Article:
Sunday, October 9, 2011

The Labor Market Myth

The term "labor market" reminds Sandwichman of the apocryphal remark attributed to Gandhi when asked what he thought of Western Civilization: "it would be a good idea." I'm not so sure a labor market would be such a good idea, but I am convinced that what actually exists is not a market in any analytically coherent sense of the term. Jamie Galbraith expressed similar reservations in "Dangerous Metaphor: The Fiction of the Labor Market." As the preface explains:

Much economic policy is based on the theory that a market for labor exists and that it is this labor market that determines employment and wage levels..."

James K. Galbraith challenges this theory. He argues that there is no such thing as a market for labor; rather, what exists is a job structure — a set of status and pay relationships in the economy within and between firms and within and across industries.
The Sandwichman would go a step further. He's pretty sure that employment and working conditions constituted exhibit "A" in the emergence of the neoclassical theory of market failure. But they got stuffed in the closet, probably more out of cognitive dissonance than any malice or conscious ideological agenda. Here's an outline of the disappearance of Exhibit "A":

1. Sidgwick in "the system of natural liberty considered in relation to production" in Principles of Political Economy, 2nd edition, considered exceptions to the presumption of self-interest working toward public good.

2. Marshall introduced the notion of "external economies and diseconomies."

[3. Exhibit "A": Chapman's "Hours of Labour" was the first analytical demonstration of *market failure* under the standard assumptions of neoclassical analysis.]
3. Nothing to see here. Move along now.

4. Pigou recaps Chapman's theory in Part III of Economics of Welfare but doesn't credit it as the analytical milestone that it was.

5. Subsequent discussion of "externalities" and "market failure" cite Pigou, ignore Chapman; focus on part II of Economics of Welfare and ignore part III.

6. Part III of Economics of Welfare is where the failure rubber meets the market road and Chapter Seven, "The Hours of Labour" of part III is the hinge, the sweet spot.

7. Ronald Coase challenged the Pigouvian tradition with his "The Problem of Social Cost" except there's no Part III in that Pigouvian tradition -- there's no Chapter Seven. Labor has disappeared! (pssst -- it's been stuffed in the closet!)

8. Steven G. Medema has written a wonderful, eloquent, erudite history of the market failure/government failure debate, from before Adam Smith to after Ronald Coase. Professor Medema was not aware of Chapman's work.

9. J.R. Hicks was aware of Chapman's work. Lionel Robbins was aware of Chapman's work. Cecil Pigou was aware of Chapman's work. Alfred Marshall was aware of Chapman's work. John Maynard Keynes was aware of Chapman's work. Not only were they aware of it, Hicks, Robbins and Marshall explicitly referenced it as canonical. Pigou and Hicks paraphrased it.

10. Cognitive dissonance dictates that economists ignore the implications of Exhibit "A": that a competitive, self-adjusting "labor market" is theoretically impossible.

11. Employment is essentially -- I repeat, essentially -- administered and regulated. The only question is whether that administration is to be done with eyes open or shut -- out in the open or behind closed doors.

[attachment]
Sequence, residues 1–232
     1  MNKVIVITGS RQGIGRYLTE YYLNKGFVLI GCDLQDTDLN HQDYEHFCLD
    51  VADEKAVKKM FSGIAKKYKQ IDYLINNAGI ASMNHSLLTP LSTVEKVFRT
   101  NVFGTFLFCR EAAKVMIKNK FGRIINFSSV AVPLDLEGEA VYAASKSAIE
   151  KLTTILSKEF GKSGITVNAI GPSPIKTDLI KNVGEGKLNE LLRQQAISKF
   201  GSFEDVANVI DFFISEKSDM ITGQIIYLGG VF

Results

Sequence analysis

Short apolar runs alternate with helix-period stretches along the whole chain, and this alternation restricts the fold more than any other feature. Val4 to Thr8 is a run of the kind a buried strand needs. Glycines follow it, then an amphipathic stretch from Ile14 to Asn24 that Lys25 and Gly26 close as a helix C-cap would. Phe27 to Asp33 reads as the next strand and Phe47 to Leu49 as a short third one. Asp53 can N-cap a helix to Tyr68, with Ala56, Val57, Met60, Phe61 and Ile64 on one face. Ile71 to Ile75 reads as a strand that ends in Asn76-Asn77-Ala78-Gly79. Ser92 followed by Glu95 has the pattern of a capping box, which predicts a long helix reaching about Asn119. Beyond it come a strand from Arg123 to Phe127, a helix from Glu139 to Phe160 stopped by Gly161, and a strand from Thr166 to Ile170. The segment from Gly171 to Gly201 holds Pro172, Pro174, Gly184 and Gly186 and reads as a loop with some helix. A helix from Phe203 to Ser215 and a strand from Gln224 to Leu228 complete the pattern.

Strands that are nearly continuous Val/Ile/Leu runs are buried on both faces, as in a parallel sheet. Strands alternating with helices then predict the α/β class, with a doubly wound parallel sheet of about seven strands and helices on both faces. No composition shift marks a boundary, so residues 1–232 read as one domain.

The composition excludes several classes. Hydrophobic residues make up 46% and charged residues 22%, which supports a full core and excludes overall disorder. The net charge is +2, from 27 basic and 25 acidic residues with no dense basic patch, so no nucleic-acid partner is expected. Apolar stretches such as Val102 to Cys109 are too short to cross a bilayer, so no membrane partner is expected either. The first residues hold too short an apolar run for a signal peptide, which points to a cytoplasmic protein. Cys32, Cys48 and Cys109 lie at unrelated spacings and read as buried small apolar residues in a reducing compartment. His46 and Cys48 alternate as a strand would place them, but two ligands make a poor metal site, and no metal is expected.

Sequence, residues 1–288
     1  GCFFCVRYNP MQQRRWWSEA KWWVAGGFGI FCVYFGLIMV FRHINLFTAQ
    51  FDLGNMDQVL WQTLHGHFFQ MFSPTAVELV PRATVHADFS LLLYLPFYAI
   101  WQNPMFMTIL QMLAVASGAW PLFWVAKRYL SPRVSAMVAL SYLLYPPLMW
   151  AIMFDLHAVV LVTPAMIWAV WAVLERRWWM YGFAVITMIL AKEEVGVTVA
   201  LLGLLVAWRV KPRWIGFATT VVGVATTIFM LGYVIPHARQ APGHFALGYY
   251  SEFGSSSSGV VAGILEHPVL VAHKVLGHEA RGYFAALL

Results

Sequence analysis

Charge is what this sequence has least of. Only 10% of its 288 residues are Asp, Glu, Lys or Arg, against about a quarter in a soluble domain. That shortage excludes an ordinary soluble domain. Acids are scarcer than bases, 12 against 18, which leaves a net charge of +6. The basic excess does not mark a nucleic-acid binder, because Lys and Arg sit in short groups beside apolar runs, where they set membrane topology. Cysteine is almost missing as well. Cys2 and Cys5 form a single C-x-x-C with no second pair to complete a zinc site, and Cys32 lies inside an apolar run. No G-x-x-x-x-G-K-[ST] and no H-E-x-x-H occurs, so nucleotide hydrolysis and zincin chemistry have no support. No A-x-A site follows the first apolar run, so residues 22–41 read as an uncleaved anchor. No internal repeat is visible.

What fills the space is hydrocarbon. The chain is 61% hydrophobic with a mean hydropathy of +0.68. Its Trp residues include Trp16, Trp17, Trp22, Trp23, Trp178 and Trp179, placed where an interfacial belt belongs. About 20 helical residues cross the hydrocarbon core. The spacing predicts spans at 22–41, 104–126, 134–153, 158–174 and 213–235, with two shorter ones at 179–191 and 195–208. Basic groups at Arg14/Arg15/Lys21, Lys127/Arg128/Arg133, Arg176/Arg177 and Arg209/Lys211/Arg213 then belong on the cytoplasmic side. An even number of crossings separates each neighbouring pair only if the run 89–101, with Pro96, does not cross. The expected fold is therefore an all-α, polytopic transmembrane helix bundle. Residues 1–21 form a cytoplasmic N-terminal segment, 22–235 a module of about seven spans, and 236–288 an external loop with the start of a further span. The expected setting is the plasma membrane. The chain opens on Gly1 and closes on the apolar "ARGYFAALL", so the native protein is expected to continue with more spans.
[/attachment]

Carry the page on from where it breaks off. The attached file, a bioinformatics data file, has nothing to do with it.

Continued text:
12. It is time to put the myth of "the labor market" to rest.

Jamie Galbraith:
The idea that people can readily be switched from one line of work to another would appear to stem from the idea that labor time is a commodity with a coherent meaning, and this notion is an extension of nineteenth-century abstractions about labor that have lost their slight purchase in real world conditions over the course of the present century.
There is little direct evidence that increased expenditures on education, infrastructure, and research help the measured performance of the economy in any definite way. The belief that they will do so is essentially an act of blind faith, an assertion mediated by the theology of the market. Once one moves away from belief in labor supply curves, the effects of supply-side policies on economic performance must be reexamined.


  1. Isn't capitalism comprised of the

    1) consumer goods and services market (predating capitalism)
    2) labour market
    3) capital market?

  2. Nick,

    It really depends on how far you want to stretch a metaphor and how useful that stretching is. In terms of the way that economists conceive of a market as supply and demand regulated and equalized by changes in price, the labor market is a failed metaphor. There are indeed some effects of supply and demand on price and of price on supply and demand, but these are largely secondary to other structural characteristics that have a much greater effect on supply, demand and price. There are also niches in what Galbraith calls the job structure that operate more overtly as markets. For example, day labor.

  3. Are you perhaps also referring to Prasch, who illustrated a zig-zagged supply curve instead of a straight line or a functional curve?

    Also, did you get my e-mail?

  4. Yes indeed. Prasch contributed a chapter on that to the same book my chapter on the lump of labor is in, Working Time: International trends, theory and policy perspectives.